Every successful training program or training
class or presentation, which comes off as being very powerful, dynamic, innovative and
inspiring the listeners to action, have one thing in-common, they have been and are well
organized. Everything the presenter used during his or her presentation had been checked
and rechecked. Nothing was left to chance.
So what does that means to you! It means in
order for you to accomplish the same results, one of your first steps in building your
training skills to become a skilled trainer is to get your Act
Together and develop a habit of making sure everything
that you are going to use during your training session is organized, and I do mean everything.
Getting Organized, simply means making sure that everything you
plan to use during your presentation or training session has been checked for
completeness, accuracy, its functional and in sequentially order of use. An
easy way to accomplish this is to develop a pre-training checklist where you
check everything you will use:
- Handouts' workbooks.
- Overheads, flip charts, wall charts,
- Audio/Visual equipment.
- Training aid mock-up's.
facilities, classroom layout, environmental conditions.
Would it gave you a warm fuzzy feeling to
know the next time you boarded an airplane to fly somewhere, your pilots didn't
check anything prior to taking off.
The organizational attention to the details you give to your
training presentation prior is
"Critical" to your "Success," it is a small price to pay, because the
first time you fail to ensure that everything is organized, you will know it instantly.
The instant you discover something is out place during your class, speech or presentation,
commonly more often than not, it forces you to stop and correct the problem. What suffers
during this as you quickly attempt to fix the immediate problem, You !
Suddenly, the ad-lib's being flying all over the place, as you kill time looking for
the right workbooks, charts or overhead transparency to use. Or discover your 35 mm slides
are in upside down or backwards or out of sequence. It's about that time you start
showing some early signs of nervousness, losing track of where you are in the
presentation. Your confidence level also begins to sink a little, along with your image as
a skilled speaker, trainer or presenter they begins taking a nosedive downward and
Been there done that! . . . It has happened to
even the best of us at one time or another, the point being is do everything within your
power to prevent it from happening in the first place. That is why it is so
critically important to you as a speaker, trainer, or presenter, after all your
professional image is on the line as you stand in front of your audience. You want to
project yourself as being a skilled professional with an authoritative sources of
knowledge your students can learn from, and being well organized, is just one more way of maintaining that image of a
professional. Remember to check everything, I mean everything, leave nothing unchecked.
While on the subject of professionalism, your clothes or what you choose to wear, when
making a presentation is one of the strongest components of what you communicate.
Here's why: Your clothes or more specifically, what you choose to wear are pure, non
verbal communication. Clothes communicate almost instantaneously, as quickly as the eye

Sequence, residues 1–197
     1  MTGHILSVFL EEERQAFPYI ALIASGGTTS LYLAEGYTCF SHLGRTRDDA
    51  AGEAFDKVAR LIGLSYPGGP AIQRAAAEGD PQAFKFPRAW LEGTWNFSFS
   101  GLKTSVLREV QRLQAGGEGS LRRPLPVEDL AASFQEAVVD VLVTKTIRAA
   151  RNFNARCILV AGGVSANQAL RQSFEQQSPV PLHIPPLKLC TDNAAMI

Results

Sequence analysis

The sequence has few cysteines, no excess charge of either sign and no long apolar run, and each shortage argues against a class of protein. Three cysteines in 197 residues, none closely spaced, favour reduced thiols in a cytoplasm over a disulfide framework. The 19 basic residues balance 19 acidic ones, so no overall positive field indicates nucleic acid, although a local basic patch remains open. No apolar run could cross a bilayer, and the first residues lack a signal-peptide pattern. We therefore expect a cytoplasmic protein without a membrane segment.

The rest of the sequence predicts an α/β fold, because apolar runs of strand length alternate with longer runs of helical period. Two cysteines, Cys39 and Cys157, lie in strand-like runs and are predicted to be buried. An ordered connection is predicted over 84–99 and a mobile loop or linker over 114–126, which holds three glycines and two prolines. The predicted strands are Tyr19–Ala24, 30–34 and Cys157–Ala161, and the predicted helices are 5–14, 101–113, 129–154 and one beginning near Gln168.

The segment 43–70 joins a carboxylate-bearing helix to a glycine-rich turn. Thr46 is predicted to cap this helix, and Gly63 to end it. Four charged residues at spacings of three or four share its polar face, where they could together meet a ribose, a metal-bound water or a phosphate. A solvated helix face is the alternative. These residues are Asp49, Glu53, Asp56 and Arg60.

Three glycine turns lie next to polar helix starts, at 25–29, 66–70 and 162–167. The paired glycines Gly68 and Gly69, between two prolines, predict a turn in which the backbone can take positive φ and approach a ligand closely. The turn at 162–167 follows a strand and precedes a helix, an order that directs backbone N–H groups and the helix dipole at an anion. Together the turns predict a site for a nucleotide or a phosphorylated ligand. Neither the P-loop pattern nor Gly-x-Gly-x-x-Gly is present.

can transmit it to the mind.
Clothes provide a self-portrait of you. You are what you wear. Fashion has drummed this
concept into our minds and it has achieved a certain level of credibility. Clothes are
universal. Everybody wears them, outside of a nudist camp, you won't find many audiences
totally disregarding the importance of clothes. Thus, you can't dismiss or underestimate
the relevance of clothes to your presentation effectiveness. They're very important. What
you wear tells us, your audience, two fundamental things, your perception of yourself and
your perception of us.
Let's start with you, for most people, clothes
are a deliberate indication of lifestyle and attitude. Shirts and blouses speak volumes.
Colors make announcements, sometimes loud and boisterous . . .sometimes shy and muted.
Shoes talk. Wingtips say one thing, sandals, another. Scarves, jewelry, eyeglasses they
all make their own statements of your taste and personality.
How do you see yourself? Your clothes give us, your audience, our very first clue. Your
clothes communicate your aspirations for you. Unless you are standing behind a podium that
covers up everything except your head, your audience is going to notice your clothes.
After all, you're presenting yourself and clothes are part of that image. Many presenters
do not consciously think about what they're wearing and that comes across, too. Here's the
point, whether accurate or faulty, perceptions are going to be made--and your clothes will
contribute. You don't want to gave your audience the wrong perception before you've even
spoken a word. Enough said use your own best judgment you know when you look sharp or not.
Believe it or not your appearance can help you handle some of the tough issues that pop-up
from time to time during your presentation either as a teacher, trainer or speaker.
Don't believe me, try this little experiment
and see what kind of response you receive. The next time you go shopping or out to eat and
dressed like a slob or hippie, watch the looks and see what kind of response you get. Now,
do it again, only this time dress looking as a very professional confident person. Enough
During the course your instructor will go into
greater details, for now, go to "Managing
Questions", or back to "Your Presentation